References Cited in the file of this patent UNITED STATES PATENTS 1,844,342 Berman Feb. 9, 1932 2,109,720 Deschner Mar. 1, 1938 2,138,936 Osterberg Dec. 6, 1938 2,452,644 Fields Nov. 2, 1948

Patent Citations
Cited PatentFiling datePublication dateApplicantTitle
US1844342 *Apr 21, 1930Feb 9, 1932Phoebus BermanBottle nozzle
US2109720 *Oct 31, 1936Mar 1, 1938Deschner Richard ESanitary closure for receptacles containing pourable substances
US2138936 *Jan 15, 1936Dec 6, 1938Chemical Foundation IncApparatus for intravenous administration of fluids
US2452644 *Oct 5, 1946Nov 2, 1948Abbott LabApparatus for intravenous administration of liquids
Referenced by
Citing PatentFiling datePublication dateApplicantTitle
US3128917 *Apr 14, 1964 krause
US3193993 *Feb 1, 1963Jul 13, 1965Baxter Don IncAir inlet filter for a parenteral solution container
US3216418 *Jun 1, 1962Nov 9, 1965Abbott LabApparatus for administering parenteral solutions
US3659629 *May 4, 1970May 2, 1972Ahldea CorpLiquid flow regulator and monitor for corporeal infusion system and method of using the same
US3783895 *May 4, 1971Jan 8, 1974Sherwood Medical Ind IncUniversal parenteral fluid administration connector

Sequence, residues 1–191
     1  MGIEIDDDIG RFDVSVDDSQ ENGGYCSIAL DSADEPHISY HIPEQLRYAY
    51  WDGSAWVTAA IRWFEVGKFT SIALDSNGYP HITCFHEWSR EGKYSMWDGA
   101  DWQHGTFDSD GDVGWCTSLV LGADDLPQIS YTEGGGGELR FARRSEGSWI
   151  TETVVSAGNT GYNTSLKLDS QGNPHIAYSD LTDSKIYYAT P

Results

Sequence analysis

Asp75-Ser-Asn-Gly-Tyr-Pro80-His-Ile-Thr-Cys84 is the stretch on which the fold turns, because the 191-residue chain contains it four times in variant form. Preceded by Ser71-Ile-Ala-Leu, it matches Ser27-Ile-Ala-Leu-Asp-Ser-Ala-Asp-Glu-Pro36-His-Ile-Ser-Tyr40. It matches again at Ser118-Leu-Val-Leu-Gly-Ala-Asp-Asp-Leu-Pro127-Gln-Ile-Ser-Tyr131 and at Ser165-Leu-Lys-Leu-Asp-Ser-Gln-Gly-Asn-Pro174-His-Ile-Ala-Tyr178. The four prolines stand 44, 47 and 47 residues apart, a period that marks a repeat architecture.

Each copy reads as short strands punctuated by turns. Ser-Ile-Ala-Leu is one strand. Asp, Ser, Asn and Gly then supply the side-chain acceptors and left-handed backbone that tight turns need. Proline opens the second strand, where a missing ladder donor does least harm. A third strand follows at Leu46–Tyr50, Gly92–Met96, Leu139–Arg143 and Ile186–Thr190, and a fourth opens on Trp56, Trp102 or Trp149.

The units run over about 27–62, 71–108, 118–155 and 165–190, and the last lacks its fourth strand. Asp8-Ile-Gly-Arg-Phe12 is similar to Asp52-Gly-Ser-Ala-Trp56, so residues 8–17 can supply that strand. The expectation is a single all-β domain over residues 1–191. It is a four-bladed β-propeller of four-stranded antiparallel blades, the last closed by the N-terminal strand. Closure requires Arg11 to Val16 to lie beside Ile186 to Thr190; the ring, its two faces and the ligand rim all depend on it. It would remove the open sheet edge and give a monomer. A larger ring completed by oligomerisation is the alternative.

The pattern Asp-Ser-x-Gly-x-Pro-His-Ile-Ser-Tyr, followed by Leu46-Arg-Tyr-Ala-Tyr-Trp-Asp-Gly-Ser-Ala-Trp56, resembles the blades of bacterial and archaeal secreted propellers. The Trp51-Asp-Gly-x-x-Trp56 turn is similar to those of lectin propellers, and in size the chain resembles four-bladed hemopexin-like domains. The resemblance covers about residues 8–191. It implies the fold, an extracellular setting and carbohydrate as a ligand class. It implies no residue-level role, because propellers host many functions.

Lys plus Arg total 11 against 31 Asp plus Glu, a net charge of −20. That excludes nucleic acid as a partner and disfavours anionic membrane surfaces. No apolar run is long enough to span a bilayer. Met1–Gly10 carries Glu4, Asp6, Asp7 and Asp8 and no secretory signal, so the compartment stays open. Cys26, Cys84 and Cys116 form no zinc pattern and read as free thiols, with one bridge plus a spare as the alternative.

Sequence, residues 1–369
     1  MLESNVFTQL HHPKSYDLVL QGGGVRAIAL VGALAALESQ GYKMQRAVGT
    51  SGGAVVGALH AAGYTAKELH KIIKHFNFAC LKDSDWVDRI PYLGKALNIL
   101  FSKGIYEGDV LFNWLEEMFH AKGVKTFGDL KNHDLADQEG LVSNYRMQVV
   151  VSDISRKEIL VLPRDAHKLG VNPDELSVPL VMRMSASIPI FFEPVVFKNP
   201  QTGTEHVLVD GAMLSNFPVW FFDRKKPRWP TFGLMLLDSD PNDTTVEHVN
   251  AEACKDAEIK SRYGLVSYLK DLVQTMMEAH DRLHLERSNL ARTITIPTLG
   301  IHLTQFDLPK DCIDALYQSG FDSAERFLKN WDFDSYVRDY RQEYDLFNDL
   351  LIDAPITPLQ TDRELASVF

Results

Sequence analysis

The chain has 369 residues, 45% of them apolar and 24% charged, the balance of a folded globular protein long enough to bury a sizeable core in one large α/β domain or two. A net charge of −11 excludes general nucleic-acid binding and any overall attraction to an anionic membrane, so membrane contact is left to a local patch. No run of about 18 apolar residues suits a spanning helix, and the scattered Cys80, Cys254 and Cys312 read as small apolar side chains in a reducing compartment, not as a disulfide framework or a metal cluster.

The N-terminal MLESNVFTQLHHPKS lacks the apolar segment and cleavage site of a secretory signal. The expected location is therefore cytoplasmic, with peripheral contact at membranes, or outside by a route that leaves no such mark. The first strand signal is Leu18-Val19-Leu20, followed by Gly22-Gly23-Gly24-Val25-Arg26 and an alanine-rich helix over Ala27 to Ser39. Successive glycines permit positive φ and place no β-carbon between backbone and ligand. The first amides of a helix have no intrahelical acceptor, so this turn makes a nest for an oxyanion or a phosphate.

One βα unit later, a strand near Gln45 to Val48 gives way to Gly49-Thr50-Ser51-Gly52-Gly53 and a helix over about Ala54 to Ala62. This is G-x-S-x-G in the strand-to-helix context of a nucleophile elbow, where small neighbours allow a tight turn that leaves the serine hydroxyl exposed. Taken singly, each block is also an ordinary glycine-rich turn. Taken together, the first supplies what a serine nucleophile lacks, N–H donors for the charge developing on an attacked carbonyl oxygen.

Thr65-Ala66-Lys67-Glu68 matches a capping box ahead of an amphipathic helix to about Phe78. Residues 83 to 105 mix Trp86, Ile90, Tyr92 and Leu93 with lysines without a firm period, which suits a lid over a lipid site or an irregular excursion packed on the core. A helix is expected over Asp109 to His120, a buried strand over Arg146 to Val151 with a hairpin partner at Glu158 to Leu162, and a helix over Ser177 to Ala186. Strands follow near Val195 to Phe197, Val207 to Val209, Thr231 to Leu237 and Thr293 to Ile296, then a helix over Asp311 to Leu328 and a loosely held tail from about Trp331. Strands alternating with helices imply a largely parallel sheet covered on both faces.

US3797521 *Aug 2, 1972Mar 19, 1974Sci Systems IncDispensing closure for parenteral fluid container
US4516754 *May 14, 1984May 14, 1985Kerotest Manufacturing Corp.Bent bellows sealed rotary valve
US4648873 *May 6, 1985Mar 10, 1987Quest Medical, Inc.Adapter for intravenous delivery set
US4888008 *Aug 30, 1988Dec 19, 1989Sherwood Medical CompanyVented spike connection component
US4997429 *Dec 28, 1988Mar 5, 1991Sherwood Medical CompanyEnteral bottle cap with vent valve
US5848994 *Dec 18, 1996Dec 15, 1998Richmond; Frank M.IV sets with needleless spikeless fittings and valves
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US8882738Feb 15, 2012Nov 11, 2014Icu Medical, Inc.Locking vial adaptors and methods
US8945084Sep 30, 2011Feb 3, 2015Icu Medical, Inc.Pressure-regulating vial adaptors and methods
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US9107808Sep 20, 2013Aug 18, 2015Icu Medical, Inc.Adaptors for removing medicinal fluids from a container
US9132062Feb 12, 2014Sep 15, 2015Icu Medical, Inc.Pressure-regulating vial adaptors
US9351905Mar 28, 2013May 31, 2016Icu Medical, Inc.Anti-reflux vial adaptors
US9610217Sep 17, 2014Apr 4, 2017Icu Medical, Inc.Pressure-regulating vial adaptors
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US20080308166 *Oct 19, 2006Dec 18, 2008Richmond Frank MConnector/Device with Reflux Valves
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EP1010412A3 *Dec 14, 1999Nov 8, 2000Fresenius Kabi Deutschland GmbHAdapter for the connection of devices for enteral nutrition
Classifications
U.S. Classification604/251
International ClassificationB65D47/18, B65D47/06, A61M5/162, A61M5/14
Cooperative ClassificationA61M5/162, A61M2005/1623, B65D47/18
European ClassificationB65D47/18, A61M5/162